survivor girl ukulele band

bringing restoration and hope to survivors of human trafficking through the healing power of music and love

Archive for the month “March, 2012”

cool things i’ve been doing

one of the things cool i’ve been doing at apne aap was get involved in the “cool men don’t buy sex” campaign — a call for india to get help stop sex trafficking by signing a petition. the petition will go to the president of india, smt. pratibha devisingh patil, asking her to amend the immoral traffic prevention act and criminalize the purchase of sex similar to what sweden and norway have done. the idea is that if you eliminate the demand, then you will eliminate trafficking.

we went out to a student fest at delhi technological university to collect signatures.


jessica and aparna collecting signatures at delhi technological university

a high percentage of the students are men, and it was interesting to see the various responses to our petition. as soon as some heard what we were about, they turned and went the other way. but many of the students signed enthusiastically. here’s a few of the encouraging comments that they included with their signature:

i am very grateful to you that you have raised voice against this issue. and i am totally agreed. thank you.

we have to take strong action against this and it’s very necessary to buildup some rules and regulations.

i appeal to the concerned authorities to protect the women against male violence & to give them freedom so that women can enjoy a fearless life.

women signifies power. we must stand and support women and give them their basic rights. we must respect them and give them their proper place in society because without them our life would be incomplete and the life cycle will not run! save girls!

i think and believe that prostitution must end and respect for women must increase. they are mothers and sisters.

and if you would like to sign the petition, here’s the link:

sign the petition

i also designed a poster for the campaign. it will likely not see the light of day other than here, but i rather liked it. and yes, that’s my rear end!


my poster idea (done on doodlebuddy)

one day i brought my guitar to the field office and learning center on the outskirts of delhi, where apne aap works with girls and women of the perna caste. in this community of the perna, a high percentage of the families engage in intergenerational prostitution. the females are married off when they’re only fourteen, and soon their husbands or fathers pimp them out to support the family.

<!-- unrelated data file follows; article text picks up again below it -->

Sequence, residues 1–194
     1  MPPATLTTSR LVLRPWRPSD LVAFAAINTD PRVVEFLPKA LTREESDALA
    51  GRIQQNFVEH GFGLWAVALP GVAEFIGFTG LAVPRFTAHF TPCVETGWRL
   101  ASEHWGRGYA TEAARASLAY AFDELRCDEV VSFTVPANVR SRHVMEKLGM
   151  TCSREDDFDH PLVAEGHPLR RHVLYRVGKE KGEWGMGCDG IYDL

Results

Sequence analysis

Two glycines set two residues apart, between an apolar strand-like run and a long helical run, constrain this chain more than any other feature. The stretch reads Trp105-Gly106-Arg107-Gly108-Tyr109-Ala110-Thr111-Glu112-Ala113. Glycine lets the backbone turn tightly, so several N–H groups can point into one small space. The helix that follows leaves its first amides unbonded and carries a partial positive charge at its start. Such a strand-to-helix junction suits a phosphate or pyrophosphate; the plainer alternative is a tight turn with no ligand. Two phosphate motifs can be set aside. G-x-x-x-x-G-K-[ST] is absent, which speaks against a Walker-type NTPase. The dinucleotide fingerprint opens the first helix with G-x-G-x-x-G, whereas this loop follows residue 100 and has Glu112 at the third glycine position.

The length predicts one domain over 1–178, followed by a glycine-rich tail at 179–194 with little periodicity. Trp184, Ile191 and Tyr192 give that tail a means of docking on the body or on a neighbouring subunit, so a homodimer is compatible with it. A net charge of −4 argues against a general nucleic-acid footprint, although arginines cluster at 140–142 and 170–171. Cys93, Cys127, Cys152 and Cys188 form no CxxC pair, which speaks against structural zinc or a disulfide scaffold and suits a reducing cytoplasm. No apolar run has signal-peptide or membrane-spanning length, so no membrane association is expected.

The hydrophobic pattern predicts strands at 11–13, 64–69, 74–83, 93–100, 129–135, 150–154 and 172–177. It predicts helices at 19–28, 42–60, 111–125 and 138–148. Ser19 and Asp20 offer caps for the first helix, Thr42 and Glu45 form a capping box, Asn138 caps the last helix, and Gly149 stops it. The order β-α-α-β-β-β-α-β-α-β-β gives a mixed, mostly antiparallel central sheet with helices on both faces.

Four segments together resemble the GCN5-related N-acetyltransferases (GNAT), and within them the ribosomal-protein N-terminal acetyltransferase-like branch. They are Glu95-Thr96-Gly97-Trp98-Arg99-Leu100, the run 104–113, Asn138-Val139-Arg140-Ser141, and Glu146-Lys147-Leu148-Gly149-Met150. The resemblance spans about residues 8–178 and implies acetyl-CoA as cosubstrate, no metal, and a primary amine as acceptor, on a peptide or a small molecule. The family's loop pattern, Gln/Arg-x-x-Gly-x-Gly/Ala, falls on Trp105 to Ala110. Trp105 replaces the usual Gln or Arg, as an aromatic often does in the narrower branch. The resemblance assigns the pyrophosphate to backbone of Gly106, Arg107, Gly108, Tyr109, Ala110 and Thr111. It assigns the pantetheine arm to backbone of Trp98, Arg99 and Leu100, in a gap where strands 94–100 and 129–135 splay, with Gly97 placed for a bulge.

girls come to the center to learn sewing and computer and other life skills. here’s one of the posters on the wall:


"girls should get married after 18 years, have a child after 20 years"

i had the chance to play my guitar and sing the abc song with two little girls, who did a nice job strumming the strings while i played the notes.


playing guitar

then we were off to another perna community to present an apne aap legal training on domestic violence. it was meant to be a training for the women, but no women showed up, so they rounded up all the little girls instead.


girls at the legal training

after the training i brought out my guitar again and we sang twinkle twinkle little star. then i tried to teach them the hindi version of “sweet home chicago.” i’ve been working on that song for over a year — but it turns out some of my hindi lyrics didn’t make any sense! so that song was a big fail. but it was someone’s birthday, so we sang happy birthday instead. yay!


singin' a couple songs!

the girls were entranced by the guitar — wanted to strum it, wanted to know how it works. it’s a dream of mine to learn to play the ukulele, and — when i come back to india full-time with an organization — start an all survivor-girl ukulele band! 😀

we’re gonna need a bigger boat

we’re gonna need a bigger boat.

that’s the famous line from the movie jaws — when roy scheider’s character sees the size of the killer shark circling in the waters. and that’s how i feel the more i learn about the scope of sex trafficking in india.